We were to meet them in Anacortes on Sunday morning about 10AM, so Saturday evening we set our alarms and went to bed. We awoke to pea-soup fog.
We have been educated in many ways on how to deal with such a situation. The first is through classes offered by the US Power Squadron. I have taken Basic Boating, Seamanship, Piloting, and Advanced Piloting. I even taught the Seamanship class two sessions. Al has reached the milestone of having taken EVERY class offered, and has taught all levels. We have run the radar for numerous hours during clear weather, so we have had lots of practice interpreting the screen images. Sailing with the Christmas Ships also offered experience operating at nighttime or low-visibility situations.
So the expected hour and a half run from Cypress Head in to Anacortes went off without a hitch. Well, AFTER Al had to make a repair on the horn's air supply hose, and then the main compressor over-heated and we had to use the secondary compressor. When travelling in fog, you are to sound your horn at 2-minute intervals, and the compressor was getting a workout.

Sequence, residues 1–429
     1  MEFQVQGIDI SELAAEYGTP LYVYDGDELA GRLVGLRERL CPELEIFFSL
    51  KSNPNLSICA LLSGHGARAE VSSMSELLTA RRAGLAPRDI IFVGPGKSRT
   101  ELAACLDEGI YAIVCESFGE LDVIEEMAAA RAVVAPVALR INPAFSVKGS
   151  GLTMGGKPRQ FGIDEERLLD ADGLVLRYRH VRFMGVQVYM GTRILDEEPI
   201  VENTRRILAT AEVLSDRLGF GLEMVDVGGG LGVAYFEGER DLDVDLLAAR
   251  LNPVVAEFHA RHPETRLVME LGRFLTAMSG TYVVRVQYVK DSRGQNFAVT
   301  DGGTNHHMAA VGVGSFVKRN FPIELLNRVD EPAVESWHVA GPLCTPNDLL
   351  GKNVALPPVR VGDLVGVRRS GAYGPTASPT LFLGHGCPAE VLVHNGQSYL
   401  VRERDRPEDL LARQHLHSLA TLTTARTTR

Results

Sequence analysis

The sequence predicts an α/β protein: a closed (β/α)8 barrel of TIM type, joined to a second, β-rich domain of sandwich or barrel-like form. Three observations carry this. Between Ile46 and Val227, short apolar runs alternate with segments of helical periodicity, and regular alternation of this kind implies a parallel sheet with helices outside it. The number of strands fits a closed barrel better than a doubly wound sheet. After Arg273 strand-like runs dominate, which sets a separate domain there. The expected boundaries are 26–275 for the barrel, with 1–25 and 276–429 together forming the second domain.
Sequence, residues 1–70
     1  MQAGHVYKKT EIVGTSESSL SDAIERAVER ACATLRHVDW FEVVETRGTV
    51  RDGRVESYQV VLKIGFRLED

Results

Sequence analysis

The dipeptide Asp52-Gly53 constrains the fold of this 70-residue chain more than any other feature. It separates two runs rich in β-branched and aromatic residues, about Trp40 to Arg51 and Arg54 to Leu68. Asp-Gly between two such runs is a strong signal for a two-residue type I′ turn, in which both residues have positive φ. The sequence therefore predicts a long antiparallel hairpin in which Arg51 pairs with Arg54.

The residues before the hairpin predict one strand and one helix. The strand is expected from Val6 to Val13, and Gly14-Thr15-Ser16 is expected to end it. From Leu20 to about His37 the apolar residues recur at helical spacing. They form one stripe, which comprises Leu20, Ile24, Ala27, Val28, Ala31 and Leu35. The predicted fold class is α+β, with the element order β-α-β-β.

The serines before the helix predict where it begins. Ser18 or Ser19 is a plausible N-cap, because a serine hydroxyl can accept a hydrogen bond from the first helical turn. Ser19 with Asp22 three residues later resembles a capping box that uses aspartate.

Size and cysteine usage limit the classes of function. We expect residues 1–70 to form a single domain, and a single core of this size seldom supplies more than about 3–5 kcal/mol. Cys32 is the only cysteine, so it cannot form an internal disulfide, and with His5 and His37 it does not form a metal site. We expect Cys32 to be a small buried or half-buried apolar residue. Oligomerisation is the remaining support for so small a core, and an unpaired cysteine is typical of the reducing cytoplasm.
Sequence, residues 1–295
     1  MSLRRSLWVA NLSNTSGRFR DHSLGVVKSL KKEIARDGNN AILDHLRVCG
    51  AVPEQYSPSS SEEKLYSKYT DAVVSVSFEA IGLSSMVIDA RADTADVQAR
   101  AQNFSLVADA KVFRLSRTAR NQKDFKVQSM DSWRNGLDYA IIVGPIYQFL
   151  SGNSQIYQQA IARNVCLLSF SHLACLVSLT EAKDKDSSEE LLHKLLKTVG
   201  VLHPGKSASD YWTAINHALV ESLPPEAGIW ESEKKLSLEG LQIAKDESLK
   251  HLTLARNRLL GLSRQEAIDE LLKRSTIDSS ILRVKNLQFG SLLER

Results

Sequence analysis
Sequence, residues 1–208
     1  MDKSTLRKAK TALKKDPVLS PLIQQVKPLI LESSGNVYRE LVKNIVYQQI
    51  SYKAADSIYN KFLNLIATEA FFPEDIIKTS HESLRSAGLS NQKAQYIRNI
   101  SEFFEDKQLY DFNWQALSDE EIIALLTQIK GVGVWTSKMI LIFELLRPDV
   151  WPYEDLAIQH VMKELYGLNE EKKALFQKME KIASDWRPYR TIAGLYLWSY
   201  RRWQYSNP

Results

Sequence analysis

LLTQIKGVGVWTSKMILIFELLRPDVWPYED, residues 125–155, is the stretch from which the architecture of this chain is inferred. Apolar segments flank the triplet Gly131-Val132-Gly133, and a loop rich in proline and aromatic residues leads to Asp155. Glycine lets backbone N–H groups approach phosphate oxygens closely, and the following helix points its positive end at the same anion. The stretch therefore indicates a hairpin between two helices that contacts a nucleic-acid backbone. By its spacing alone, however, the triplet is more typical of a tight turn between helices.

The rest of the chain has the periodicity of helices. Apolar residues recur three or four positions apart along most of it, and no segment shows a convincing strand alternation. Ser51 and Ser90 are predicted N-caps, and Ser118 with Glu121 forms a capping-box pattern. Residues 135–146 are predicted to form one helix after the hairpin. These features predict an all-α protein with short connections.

I had planned to be doing some general house-cleaning during our voyage, but conditions required that I also keep eyes and ears at attention. Side doors were open slightly to catch any sounds.
|The James T Quigg and barge in tow emerge from the fog|
Later we are able to call the Alyssa Ann, another tug and barge approaching Anacortes, and we coordinate our passage across the channel to the Cap Sante Marina. We arrive right on time, safe and sound!
|Our final morning together, and I finally take a photo of Chuck and Betty|
|A favorite pose of cormorants, along the Swinomish Channel|